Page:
Most waking hours of their difficult lives, the residents of Rajendranagar slum hope against hope that they could get by another day without their homes being inundated with sewage water and without another serious infection breaking out in their community.
They dread that another loved one might be electrocuted by the dangerous electrical wires hanging above their make-shift homes or that a wall would collapse on their family.
This is the everyday reality of this group of slum colonies near National Games Village in posh Koramangala – the largest in Bangalore, consisting of the EWS quarters, Ambedkar nagar, L.R.Nagar and Rajendra Nagar. Situated on a huge sewage drain, this slum is home to 13,000 families who are devoid of basic amenities such as proper housing, electricity and sanitation. Health and hygiene are a distant dream, as they suffer the stench and unhealthy living conditions made worse by the open drain. Promises of better housing and toilet facilities have never materialised as the slum dwellers remain ignored for decades.
Living in make-shift sheds constructed out of corrugated zinc sheets, an average family size here is around six. With hardly 60 square feet to share between them, living in these slums can be very difficult. In the summer the sheds are unbearably hot and when it’s monsoon season their homes fill up with several feet of water. The entire family crowds up on the one bed they have, and hope that the water does not rise any further.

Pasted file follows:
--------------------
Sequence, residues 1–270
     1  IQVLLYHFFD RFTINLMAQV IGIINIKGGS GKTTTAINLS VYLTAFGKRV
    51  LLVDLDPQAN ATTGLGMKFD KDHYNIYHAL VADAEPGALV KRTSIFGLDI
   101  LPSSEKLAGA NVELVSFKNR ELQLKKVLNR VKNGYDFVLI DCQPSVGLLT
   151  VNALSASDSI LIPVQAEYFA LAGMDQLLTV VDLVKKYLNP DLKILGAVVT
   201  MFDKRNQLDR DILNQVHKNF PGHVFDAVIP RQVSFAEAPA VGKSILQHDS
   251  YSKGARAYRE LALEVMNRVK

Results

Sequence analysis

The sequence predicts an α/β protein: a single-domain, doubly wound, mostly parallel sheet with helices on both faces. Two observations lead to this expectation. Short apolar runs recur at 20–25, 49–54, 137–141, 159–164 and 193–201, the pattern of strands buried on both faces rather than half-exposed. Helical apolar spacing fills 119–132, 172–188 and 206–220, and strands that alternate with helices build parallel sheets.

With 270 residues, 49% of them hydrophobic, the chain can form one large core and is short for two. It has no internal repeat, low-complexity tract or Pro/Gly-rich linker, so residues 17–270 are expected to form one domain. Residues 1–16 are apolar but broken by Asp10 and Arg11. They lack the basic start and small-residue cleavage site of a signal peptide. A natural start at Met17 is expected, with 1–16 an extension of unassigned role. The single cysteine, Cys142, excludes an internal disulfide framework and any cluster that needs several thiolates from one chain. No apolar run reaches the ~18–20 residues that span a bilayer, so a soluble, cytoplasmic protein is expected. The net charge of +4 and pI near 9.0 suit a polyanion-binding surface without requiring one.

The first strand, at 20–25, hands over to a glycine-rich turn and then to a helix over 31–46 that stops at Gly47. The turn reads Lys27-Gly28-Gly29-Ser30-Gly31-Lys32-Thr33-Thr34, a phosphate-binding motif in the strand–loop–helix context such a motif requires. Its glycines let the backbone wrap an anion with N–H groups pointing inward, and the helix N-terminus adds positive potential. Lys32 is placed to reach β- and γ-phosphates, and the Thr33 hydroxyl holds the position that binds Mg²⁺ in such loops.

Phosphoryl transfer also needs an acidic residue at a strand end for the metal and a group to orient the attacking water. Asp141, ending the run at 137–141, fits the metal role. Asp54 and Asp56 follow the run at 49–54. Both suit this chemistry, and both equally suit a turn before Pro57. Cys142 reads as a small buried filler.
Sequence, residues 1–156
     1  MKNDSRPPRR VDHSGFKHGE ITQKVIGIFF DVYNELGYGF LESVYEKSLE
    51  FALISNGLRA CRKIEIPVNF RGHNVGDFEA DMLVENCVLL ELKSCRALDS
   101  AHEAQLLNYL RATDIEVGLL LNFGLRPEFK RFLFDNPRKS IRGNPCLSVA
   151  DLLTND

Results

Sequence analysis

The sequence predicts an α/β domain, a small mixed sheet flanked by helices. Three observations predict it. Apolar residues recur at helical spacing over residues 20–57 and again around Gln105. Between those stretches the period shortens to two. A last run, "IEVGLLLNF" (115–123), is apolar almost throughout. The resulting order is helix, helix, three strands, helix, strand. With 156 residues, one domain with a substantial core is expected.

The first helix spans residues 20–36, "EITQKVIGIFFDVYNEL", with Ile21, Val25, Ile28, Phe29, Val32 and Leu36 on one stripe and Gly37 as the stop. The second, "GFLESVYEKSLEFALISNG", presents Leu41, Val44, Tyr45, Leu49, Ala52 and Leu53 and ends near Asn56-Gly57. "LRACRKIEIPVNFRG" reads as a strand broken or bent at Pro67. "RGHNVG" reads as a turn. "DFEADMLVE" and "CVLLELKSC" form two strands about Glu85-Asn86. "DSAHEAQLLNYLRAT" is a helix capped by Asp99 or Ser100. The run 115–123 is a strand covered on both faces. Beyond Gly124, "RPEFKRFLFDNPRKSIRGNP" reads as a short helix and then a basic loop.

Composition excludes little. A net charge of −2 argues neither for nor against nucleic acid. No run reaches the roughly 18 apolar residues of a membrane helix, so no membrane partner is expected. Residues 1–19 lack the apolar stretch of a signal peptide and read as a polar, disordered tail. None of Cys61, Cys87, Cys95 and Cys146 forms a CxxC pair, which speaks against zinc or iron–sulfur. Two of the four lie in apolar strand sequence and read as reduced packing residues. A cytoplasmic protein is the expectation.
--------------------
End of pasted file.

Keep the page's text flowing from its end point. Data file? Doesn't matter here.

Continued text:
Half the community has to walk for ten to fifteen minutes to find a paid public toilet. The women are the worse affected as they do not have access to basic sanitation and hygiene products, making them vulnerable to infections. For the women in Rajendranagar, cultural stigmas persist in combination with economic factors to prevent access to sanitary products and disposal methods that could mitigate some of the myths. During menstruation, many women here are faced with using alternatives such as rags, sawdust, ash, leaves, grass or newspapers which are incapacitating and uncomfortable and expose them to reproductive ailments.
They are the invisible people of our hi-tech city – a important part of our urban community but living in hazardous conditions. You can choose not to ignore them and make their lives better.
Sukhibhava, a social enterprise improving the quality of lives of urban poor women in Bangalore, especially in the area of health and hygiene, is delivering sessions on awareness and education about menstrual health, as well as providing direct access to affordable menstrual hygiene products like sanitary pads and re-usables by trained locally based female micro-entrepreneurs who can provide continued support.
Your support through this campaign will help us reach the women and girls in these 13,000 families making a direct impact on the right to education, better health and bring a positive change towards gender equality.